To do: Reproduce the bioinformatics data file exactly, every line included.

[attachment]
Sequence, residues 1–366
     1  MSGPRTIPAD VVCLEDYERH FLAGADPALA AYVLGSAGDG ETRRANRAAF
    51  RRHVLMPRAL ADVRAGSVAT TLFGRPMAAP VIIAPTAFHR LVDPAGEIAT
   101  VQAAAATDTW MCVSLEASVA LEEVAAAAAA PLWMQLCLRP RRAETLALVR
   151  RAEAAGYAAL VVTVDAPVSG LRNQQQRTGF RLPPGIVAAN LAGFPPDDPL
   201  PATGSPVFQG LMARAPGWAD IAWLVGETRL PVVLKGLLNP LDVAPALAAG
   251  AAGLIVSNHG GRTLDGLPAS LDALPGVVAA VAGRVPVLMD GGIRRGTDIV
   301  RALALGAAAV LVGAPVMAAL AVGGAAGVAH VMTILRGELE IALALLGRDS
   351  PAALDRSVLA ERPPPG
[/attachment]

Sequence, residues 1–366
     1  MSGPRTIPAD VVCLEDYERH FLAGADPALA AYVLGSAGDG ETRRANRAAF
    51  RRHVLMPRAL ADVRAGSVAT TLFGRPMAAP VIIAPTAFHR LVDPAGEIAT
   101  VQAAAATDTW MCVSLEASVA LEEVAAAAAA PLWMQLCLRP RRAETLALVR
   151  RAEAAGYAAL VVTVDAPVSG LRNQQQRTGF RLPPGIVAAN LAGFPPDDPL
   201  PATGSPVFQG LMARAPGWAD IAWLVGETRL PVVLKGLLNP LDVAPALAAG
   251  AAGLIVSNHG GRTLDGLPAS LDALPGVVAA VAGRVPVLMD GGIRRGTDIV
   301  RALALGAAAV LVGAPVMAAL AVGGAAGVAH VMTILRGELE IALALLGRDS
   351  PAALDRSVLA ERPPPG